‘Glycemic index may not affect appetite: Unilever study.’
The story was published in an online newsletter called ‘Food Navigator’ that’s widely read by the food industry and dietitians etc. We don’t know who wrote it, but it is misleading (to put it mildly) as we discovered when we asked Dr Alan Barclay to check it out. ‘First of all, the study wasn’t testing a solid food’ it was testing drinks and drinks on the whole are thought to be less satiating than solid foods,’ he said.
‘In summary,’ he says, ‘it is a poorly designed single study and it is not about GI. It is about glycemic response (not the same thing at all). There are numerous things wrong. Participants were fed between 22–24g carbohydrate for example while standard GI testing around the world (and there is an International Standard) uses 50g of available carbohydrate. In addition, they did not use glucose as a control, so the actual GI values of the test foods could not be calculated so we do not actually know if the various drinks were low, medium or high GI. Looking at the blood glucose response curves in their ‘Figure 1’ in the European Journal of Clinical Nutrition suggests that differences between the GI of each test drink would be minimal, so it’s hardly surprising that they did not affect appetite.
There is level 1 evidence that low GI diets increase feelings of satiety and facilitate long term weight and body fat loss. A systematic literature review and meta-analysis of GI and appetite in 2009 found that low GI meals significantly increased feelings of satiety compared with high GI meals. (Here's the reference: Wati, P. GI and satiety. MND thesis. University of Sydney). Furthermore, the Thomas et al Cochrane review found that “Overweight and obese people lost more weight on low GI diets than on high GI or other weight reduction diets and their cardiovascular risk marker profile improved as well”.’
Two words not in the 2010 Dietary Guidelines for Americans …
‘Glycemic index.’ But we still think that the new guidelines are heading in the right direction. The notable difference between the US Dietary Guidelines (pretty much the same as guidelines around the world) and previous versions is their new recommendation to limit refined grains – not quite on par with statements like ‘reduce added sugars’. To match this statement they need to say something along the lines of ‘reduce added refined starches’. You can read the guidelines HERE.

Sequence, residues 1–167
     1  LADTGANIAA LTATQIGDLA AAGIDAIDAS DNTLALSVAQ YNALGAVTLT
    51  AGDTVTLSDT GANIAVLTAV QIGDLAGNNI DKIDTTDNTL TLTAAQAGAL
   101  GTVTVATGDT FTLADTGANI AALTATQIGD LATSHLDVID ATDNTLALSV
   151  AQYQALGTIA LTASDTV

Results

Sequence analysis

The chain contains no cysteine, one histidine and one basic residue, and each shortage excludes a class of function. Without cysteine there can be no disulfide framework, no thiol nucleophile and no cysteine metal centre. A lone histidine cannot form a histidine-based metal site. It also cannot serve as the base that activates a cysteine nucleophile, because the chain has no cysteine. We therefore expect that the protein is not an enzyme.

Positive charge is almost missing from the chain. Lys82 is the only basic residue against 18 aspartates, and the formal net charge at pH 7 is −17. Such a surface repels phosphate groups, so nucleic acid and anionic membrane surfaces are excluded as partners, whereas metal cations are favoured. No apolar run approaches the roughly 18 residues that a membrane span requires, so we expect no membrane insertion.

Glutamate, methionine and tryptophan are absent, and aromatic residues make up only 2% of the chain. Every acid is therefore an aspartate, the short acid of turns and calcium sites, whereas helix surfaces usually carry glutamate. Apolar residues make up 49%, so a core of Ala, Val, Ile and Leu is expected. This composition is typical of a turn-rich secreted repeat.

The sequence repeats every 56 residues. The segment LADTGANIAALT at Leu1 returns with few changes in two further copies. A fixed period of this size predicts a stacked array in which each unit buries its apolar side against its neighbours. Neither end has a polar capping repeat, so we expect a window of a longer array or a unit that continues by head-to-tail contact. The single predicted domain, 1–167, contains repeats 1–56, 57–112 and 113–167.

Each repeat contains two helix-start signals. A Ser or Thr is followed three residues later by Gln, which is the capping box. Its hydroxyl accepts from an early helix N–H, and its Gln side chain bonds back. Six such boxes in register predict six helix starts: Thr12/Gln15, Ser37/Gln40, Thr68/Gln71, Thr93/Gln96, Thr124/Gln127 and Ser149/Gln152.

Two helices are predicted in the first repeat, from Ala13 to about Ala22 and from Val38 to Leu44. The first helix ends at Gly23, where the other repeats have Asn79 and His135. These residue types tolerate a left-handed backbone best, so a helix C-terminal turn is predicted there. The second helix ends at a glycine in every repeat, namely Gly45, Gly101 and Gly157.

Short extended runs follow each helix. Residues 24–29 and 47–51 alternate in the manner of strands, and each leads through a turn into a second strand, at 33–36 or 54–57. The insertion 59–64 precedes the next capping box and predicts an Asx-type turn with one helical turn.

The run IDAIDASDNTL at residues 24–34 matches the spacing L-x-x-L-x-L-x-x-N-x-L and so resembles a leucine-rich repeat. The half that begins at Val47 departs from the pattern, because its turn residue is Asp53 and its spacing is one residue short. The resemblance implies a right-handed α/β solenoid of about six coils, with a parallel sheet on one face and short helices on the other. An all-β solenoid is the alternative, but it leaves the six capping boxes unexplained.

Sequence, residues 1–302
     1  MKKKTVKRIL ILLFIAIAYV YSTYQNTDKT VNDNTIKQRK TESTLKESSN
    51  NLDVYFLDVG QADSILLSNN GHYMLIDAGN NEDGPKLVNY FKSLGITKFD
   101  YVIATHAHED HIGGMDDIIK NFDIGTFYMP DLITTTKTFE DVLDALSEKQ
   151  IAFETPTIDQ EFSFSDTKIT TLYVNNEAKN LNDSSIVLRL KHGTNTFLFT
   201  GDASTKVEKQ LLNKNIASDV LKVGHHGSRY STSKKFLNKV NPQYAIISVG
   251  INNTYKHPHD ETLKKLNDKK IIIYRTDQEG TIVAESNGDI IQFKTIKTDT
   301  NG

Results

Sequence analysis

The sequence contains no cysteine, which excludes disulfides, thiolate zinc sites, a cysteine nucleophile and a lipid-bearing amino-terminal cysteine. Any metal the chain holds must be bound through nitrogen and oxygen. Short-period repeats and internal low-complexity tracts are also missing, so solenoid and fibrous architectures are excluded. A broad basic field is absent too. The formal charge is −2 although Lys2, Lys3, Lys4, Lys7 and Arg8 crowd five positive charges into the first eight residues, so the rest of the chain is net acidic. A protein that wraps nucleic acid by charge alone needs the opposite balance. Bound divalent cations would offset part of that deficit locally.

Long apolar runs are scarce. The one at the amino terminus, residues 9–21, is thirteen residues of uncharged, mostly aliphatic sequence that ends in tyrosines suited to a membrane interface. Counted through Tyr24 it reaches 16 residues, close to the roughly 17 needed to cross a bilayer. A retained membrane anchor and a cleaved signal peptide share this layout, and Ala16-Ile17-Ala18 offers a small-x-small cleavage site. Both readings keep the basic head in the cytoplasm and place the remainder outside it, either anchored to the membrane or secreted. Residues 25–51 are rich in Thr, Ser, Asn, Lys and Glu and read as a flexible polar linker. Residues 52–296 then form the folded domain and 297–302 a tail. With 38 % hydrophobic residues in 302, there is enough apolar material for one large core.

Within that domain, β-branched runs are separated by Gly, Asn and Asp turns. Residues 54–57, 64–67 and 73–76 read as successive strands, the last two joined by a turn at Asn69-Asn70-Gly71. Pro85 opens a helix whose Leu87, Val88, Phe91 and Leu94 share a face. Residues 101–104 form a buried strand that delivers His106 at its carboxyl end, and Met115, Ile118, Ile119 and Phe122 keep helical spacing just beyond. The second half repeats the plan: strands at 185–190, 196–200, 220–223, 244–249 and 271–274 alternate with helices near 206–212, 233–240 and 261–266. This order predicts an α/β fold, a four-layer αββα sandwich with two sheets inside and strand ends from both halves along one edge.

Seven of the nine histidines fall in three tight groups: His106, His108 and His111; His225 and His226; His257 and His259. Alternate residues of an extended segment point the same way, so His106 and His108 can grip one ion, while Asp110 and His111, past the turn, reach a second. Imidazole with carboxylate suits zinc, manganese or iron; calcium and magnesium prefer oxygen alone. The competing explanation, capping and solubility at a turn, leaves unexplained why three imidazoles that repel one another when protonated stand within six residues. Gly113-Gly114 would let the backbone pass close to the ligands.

Pulse power for gluten-free diets
Pulses or legumes are an important part of the healthy low GI way of eating for everybody. They are especially important if you are on a gluten-free diet as they provide much of the fibre and nutrients found in the gluten-containing grains that you can’t eat any more. Dietitian Dr Kate Marsh recommends you put them on the menu at least twice a week – more often if you are vegetarian.
Looking for recipes? Pulse Canada has published a handy 32-page PDF booklet Pulses and the gluten-free diet put together by Shelley Case RD and Carol Fenster PhD. It covers types of pulses (legumes), health benefits, celiac disease and the gluten connection, nutrition on a gluten-free diet, buying storing and cooking pulses and a really practical section on using pulses in GF baking. There are 26 recipes – all photographed (the black bean pizza is pictured here). They haven’t estimated the recipes GI value. You can download it HERE.
The baked recipes use a variety of gluten-free flours including white and black bean flours and yellow pea flour. We asked Peter Watts who is the Director of Market Innovation at Pulse Canada about the availability of these products. ‘You can purchase a number of different pulse flours in grocery stores including pea flour, bean flour, chickpea flour,’ he said. ‘Chickpea flour and some bean flours are available in bulk. Bob’s Red Mill in the US has some nifty packaging with these products in 500 gram bags and they are quite widely available. You can also order on line – a company in Manitoba called Best Cooking Pulses just started selling pea flour and chickpea flours on Amazon. This is not to say that pulse flours are generally available – they are still usually housed in the specialty food section of grocery stores and not all stores offer them, but they are increasingly present. And consumer demand will help increase supply and distribution.’
We haven't been able to track down these flours in Australia or NZ. Let us know if you know where you can buy them.
eBook update: Nutrition for Life
It’s great to see Australian publishers finally embracing eBooks. This best seller by Catherine Saxelby (an early GI supporter) is now available as a digital download as is her Zest cookbook (with Woman’s Day Food Director Jennene Plummer.) We checked out the eBook formats for her books – Kindle and Apple are our favourites for quality and ease of use. We’d give the rest a miss frankly.
Prof Jennie Brand-Miller's GI books will be available in eBook formats soon they tell us. We’ll keep you posted.
- Got Kindle? Buy Nutrition for Life and Eating for the Healthy Heart (or the US edition titled There’s More to Heart Health Than Cholesterol) from the Kindle bookshop on Amazon HERE
- Got Apple? Buy Nutrition for Life, Zest and Eating for the Healthy Heart from iBooks for the iPad or iPhone HERE